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Handy Multi-Media Device Of The Future Or Stick In The Mud?
The Amazon FireStick is essentially the TV equivalent of the Neuralink brain chip that Elon Musk keeps harping on about.
It simply plugs into the HDMI port of your garden variety television and makes it smart. But does it really work, and is it really worth it? Let’s find out.
The Amazon FireStick (2020) At A Glance
The latest FireStick looks almost identical to older variants, and truth be told, you’re paying for most of the same core features, but there are a few new additions that may make it worth the upgrade, especially if you want to stream content in higher quality.
- HDR Support
- 60fps Support
- Dolby Atmos Support
- Improved Remote
- Excellent UI
- No 4K Support
- Adds in the UI
- No Subscription Labeling
The headlining upgrade in the new FireStick is definitely the full HDR support. For the uninitiated, HDR is an abbreviation of High Dynamic Range.
It gives a display a more detailed color palette and brighter highlights, amounting to an altogether more immersive and enjoyable viewing experience.
It allows you to stream HDR content at optimal quality, but the really magical thing about the FireStick’s HDR facilities is they can transform standard dynamic video into HDR, giving all your favorite standard-quality shows a facelift.
Second on the list of exciting new upgrades is the 60fps capacity (up from 30fps). As long as your TV is capable, you can use your FireStick to stream buttery smooth, incredibly rich content — hurray!
4K is still too much of a push for the standard FireStick. For that, you’ll need the UHD FireStick, but as long as your 4K TV can be upscaled to reduce resolution, the FireStick will work as normal.
The lack of 4K support is a little disappointing, as lower resolutions impose a bottleneck on the HDR output, but you’ll still notice a huge difference in quality in less pixel-dense displays.
Under the hood, we have an all-new 1.7GHz quad-core processor, effectively doubling the power of the 2019 FireStick, while simultaneously reducing power consumption by 50%, so you can expect a snappier performance and reduced energy bills.
What’s more, the new FireStick features dual-band, dual-antenna Wi-Fi that supports 5GHz networks, leading to a more stable connection.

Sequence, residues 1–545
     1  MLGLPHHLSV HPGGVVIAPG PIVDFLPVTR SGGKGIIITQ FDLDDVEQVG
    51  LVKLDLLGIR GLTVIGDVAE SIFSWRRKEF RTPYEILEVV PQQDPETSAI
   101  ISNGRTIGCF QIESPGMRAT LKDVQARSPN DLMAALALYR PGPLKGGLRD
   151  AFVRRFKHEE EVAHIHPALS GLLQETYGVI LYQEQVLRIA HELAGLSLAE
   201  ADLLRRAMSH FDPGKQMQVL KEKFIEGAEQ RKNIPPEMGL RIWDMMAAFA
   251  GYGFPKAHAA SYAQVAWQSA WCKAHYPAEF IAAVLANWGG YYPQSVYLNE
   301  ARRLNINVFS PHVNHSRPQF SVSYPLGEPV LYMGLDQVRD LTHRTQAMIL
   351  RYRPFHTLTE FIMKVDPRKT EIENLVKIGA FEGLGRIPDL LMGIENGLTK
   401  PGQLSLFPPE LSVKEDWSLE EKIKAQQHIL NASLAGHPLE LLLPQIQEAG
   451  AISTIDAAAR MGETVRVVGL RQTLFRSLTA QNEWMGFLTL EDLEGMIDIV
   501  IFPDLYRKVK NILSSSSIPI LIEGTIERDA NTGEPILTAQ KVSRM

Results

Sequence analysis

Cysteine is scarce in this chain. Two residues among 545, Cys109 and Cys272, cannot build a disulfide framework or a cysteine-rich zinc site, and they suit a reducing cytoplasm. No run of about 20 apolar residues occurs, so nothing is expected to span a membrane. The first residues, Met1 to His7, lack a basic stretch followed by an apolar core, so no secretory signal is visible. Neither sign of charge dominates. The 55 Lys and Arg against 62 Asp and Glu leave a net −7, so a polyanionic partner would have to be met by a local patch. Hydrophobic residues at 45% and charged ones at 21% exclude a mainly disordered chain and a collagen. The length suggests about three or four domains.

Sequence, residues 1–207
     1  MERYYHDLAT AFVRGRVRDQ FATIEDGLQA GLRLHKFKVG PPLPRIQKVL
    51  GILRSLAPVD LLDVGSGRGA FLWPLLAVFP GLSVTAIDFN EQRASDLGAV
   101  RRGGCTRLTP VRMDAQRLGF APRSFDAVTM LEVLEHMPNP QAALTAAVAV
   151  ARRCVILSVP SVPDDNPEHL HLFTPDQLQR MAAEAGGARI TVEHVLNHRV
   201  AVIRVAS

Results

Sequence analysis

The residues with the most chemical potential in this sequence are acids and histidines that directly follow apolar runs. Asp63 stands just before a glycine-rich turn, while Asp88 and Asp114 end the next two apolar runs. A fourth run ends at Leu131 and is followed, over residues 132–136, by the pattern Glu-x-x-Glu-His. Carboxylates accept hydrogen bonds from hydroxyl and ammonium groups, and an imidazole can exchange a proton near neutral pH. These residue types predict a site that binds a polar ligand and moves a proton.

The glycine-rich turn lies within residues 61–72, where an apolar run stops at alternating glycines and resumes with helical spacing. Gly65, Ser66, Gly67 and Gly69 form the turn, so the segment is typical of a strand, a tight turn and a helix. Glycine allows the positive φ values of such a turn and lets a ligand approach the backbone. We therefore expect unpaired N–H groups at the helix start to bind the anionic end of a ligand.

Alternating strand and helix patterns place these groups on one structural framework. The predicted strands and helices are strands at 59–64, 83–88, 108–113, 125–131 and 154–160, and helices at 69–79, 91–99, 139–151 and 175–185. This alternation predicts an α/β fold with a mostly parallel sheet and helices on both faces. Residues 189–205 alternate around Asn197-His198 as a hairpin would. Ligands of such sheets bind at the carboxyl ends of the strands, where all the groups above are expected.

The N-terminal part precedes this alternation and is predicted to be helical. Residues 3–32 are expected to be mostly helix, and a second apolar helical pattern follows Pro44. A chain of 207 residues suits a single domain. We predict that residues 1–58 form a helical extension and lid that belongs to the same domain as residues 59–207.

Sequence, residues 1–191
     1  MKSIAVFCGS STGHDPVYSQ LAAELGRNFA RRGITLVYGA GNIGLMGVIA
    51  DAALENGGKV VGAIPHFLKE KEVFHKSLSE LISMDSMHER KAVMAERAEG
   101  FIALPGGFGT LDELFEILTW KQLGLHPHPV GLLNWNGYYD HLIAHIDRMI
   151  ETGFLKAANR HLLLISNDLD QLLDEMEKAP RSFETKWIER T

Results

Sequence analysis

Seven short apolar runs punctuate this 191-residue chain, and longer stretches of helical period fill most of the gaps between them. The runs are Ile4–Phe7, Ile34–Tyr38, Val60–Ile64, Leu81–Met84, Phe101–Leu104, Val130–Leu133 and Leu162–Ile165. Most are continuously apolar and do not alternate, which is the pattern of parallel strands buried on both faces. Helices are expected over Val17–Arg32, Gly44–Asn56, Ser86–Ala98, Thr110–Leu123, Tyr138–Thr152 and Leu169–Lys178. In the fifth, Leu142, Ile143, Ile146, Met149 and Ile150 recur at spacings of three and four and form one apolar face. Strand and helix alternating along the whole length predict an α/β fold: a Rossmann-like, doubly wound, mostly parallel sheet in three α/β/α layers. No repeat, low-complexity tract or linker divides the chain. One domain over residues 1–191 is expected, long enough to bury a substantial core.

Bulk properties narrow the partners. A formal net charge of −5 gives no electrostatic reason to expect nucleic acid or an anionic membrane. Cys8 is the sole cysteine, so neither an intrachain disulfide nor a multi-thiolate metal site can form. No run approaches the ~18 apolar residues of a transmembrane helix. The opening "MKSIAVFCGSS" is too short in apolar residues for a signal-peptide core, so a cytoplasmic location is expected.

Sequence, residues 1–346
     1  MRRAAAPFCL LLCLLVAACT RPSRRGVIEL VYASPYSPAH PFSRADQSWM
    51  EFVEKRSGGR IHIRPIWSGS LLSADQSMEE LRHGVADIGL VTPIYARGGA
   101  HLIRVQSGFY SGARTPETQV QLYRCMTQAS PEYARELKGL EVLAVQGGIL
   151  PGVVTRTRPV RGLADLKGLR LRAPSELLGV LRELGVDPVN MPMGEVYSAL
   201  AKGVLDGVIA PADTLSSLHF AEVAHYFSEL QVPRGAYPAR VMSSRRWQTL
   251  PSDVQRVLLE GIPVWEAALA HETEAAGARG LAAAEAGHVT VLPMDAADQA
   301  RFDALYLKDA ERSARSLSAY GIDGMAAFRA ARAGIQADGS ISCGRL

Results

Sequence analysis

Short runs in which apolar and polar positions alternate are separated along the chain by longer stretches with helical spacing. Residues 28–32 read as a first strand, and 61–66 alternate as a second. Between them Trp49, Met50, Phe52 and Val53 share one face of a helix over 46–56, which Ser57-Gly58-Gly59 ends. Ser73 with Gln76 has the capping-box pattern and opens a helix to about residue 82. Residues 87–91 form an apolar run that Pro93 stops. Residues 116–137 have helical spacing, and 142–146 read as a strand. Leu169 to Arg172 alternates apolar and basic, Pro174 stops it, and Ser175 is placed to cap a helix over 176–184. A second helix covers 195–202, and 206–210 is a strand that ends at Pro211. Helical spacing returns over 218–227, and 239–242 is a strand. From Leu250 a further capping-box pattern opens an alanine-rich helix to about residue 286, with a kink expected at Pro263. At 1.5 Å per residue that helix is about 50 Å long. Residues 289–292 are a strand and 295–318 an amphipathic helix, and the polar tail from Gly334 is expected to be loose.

The FireStick remote has also been given a partial makeover in the form of preset buttons that eliminate menu diving and take you directly to your favorite apps.
Besides that, it’s more or less the same as previous generations. It offers full Alexa voice support and can be used to control not just your TV, but AV receivers and soundbars too.
Moving on to audio, the only thing to report is that the FireStick can now support Dolby Atmos surround sound, but only if your speakers support it too.
Some not-so-new features include access to upward of 500,000 movies and TV shows (a lot of which are included with a Prime membership), and a choice of tens of thousands of channels.
Much like the older FireStick, it also supports most of the major music streaming platforms such as Spotify, Amazon Music, and Pandora, transforming your TV into a full-blown multi-media center.
Amazon already had the main facets of FireStick design on earlier versions of the device, so there’s nothing mind-blowing to report here, but there are some neat features I’d like to shine a light on.
First, rather than the Stick plugging directly into your HDMI port, Amazon provides you with a mini HDMI cable to go in first.
You then connect the Stick up to that, thereby increasing its flexibility and reducing the chance of it becoming dislodged or damaged when moving your TV or adjusting connections.
The FireStick itself is less fire and more, well....stick, so it’s nothing to marvel at. It loosely resembles a too-small candy bar that you’ll have to double up on to have a decent snack.
I don’t mind the minimalist stick design, but I’d like to have seen some more concrete labeling, as it can be hard to differentiate it from the older FireSticks.
Wrapping things up in a nice, neat bow is the sleek, ergonomically shaped remote. I love how smart it looks and that the control panel isn’t too chaotic. By keeping the button density to a minimum, it makes for a more intuitive control and prevents accidental pushes — I can’t fault it.
Installation And UI
Even if you’re something of a technophobe, the FireStick will guide you through the installation process in an easy to grasp, step-by-step manner. Putting in your Wi-Fi password is probably the most taxing part.
It uses the typical Fire UI format, so if you have experience with an older FireStick, you’ll feel right at home. It can take a while to warm to if you’ve never used a streaming platform before, but Netflix or Disney+ users should pick it up pretty quickly.
Despite this being an Amazon product, I really appreciated that the UI didn’t hide competitor apps beneath layers upon layers of Prime-only content, but it is clear that the in-house media has been given priority.
There’s a little bit of advertising for Audible, which is kind of irritating, but I can make my peace with that.
The only real note I have for Amazon on this front is that I’d appreciate it if subscription shows and movies were labeled as such before you get your hopes up and click on them.
The Final Verdict
Overall, I’m very happy with the 2020 Amazon FireStick. The new processor and support for HDR television make it a worthy step up from the 2019 model rather than a by-the-numbers refresh, and the UI assembles your options in a clear and intuitive manner.
A lot of its functionality is tied in with Amazon Prime membership, so I can’t recommend it for the average Amazon account holder, but if you do already have a Prime subscription, it makes for a great addition to your home entertainment array.